While there have been a number of recent advances in our understanding of the evolution of animal color patterns, much of this work has focused on color patterns that are constantly displayed. However, some animals hide functional color signals and display them only transiently through behavioral displays. These displays are widely employed as a secondary defense following detection when fleeing (flash display) or when stationary (deimatic display). Yet if displays of hidden colors are so effective in deterring predation, why have not all species evolved them? An earlier study suggested that the hidden antipredatory color signals in insects are more likely to have evolved in species with large size because either (or both) (i) large cryptic prey are more frequently detected and pursued or (ii) hidden color signals in large prey are more effective in deterring predation than in small prey. These arguments should apply universally to any prey that use hidden signals, so the association between large size and hidden contrasting color signals should be evident across diverse groups of prey. In this study, we tested this prediction in five different groups of insects. Using phylogenetically controlled analysis to elucidate the relationship between body size and color contrast between forewings and hind wings, we found evidence for the predicted size-color contrast associations in four different groups of insects, namely, Orthoptera, Phasmatidae, Mantidae, and Saturniidae, but not in Sphingidae. Collectively, our study indicates that body size plays an important role in explaining variation in the evolution of hidden contrasting color signals in insects.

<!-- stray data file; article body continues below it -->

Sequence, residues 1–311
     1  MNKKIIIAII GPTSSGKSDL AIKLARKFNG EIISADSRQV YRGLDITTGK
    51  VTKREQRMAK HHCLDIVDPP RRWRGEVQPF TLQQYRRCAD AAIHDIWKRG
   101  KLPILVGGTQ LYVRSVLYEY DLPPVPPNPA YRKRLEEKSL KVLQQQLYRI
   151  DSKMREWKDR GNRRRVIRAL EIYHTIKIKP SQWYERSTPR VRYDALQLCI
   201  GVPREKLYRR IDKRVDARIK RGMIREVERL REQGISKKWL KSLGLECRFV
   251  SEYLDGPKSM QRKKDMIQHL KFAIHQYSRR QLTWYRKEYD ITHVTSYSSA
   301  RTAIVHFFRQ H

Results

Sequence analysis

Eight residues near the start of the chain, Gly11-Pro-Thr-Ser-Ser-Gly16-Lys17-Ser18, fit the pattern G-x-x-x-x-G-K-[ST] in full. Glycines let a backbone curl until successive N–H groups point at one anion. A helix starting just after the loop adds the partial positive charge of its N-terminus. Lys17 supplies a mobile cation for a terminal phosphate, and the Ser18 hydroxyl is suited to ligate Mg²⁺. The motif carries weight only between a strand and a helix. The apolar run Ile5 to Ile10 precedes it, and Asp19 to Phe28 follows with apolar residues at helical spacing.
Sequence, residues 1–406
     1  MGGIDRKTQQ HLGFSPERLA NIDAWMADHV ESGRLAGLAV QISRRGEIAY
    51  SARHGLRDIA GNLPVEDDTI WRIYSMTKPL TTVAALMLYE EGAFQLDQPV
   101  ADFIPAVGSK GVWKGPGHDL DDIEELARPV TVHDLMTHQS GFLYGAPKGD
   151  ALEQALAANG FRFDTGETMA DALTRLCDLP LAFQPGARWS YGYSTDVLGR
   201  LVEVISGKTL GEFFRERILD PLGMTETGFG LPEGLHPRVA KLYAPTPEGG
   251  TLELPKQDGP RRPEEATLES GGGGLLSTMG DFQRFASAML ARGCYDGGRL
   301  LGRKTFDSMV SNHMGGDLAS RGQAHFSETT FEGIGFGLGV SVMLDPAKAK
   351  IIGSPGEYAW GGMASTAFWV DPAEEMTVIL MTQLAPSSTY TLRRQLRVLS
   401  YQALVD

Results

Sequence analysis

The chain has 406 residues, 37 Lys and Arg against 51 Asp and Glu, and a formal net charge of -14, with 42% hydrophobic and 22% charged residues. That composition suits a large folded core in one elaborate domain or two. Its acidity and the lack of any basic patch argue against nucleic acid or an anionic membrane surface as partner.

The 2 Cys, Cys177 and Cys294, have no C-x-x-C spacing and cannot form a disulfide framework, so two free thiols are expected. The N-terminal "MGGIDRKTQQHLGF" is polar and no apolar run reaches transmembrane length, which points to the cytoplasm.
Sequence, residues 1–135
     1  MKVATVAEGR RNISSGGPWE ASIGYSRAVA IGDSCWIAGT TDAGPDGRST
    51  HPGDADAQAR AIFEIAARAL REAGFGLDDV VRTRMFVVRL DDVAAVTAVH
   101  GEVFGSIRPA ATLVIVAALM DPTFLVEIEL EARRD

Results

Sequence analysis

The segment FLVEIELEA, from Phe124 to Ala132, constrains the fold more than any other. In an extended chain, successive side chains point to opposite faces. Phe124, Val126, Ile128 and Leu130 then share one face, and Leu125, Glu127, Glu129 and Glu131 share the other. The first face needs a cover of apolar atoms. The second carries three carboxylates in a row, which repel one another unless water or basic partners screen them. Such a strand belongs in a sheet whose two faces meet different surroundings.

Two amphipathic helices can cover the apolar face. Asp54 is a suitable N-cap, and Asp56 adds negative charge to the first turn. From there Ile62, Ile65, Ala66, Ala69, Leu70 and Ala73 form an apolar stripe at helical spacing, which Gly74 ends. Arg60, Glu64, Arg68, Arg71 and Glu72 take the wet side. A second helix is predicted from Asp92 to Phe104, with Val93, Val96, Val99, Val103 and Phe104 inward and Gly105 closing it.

American Naturalist
Department of Biology

Loeffler-Henry, K. (Karl), Kang, C. (Changku), & Sherratt, T. (2019). Consistent associations between body size and hidden contrasting color signals across a range of insect taxa. American Naturalist. doi:10.1086/703535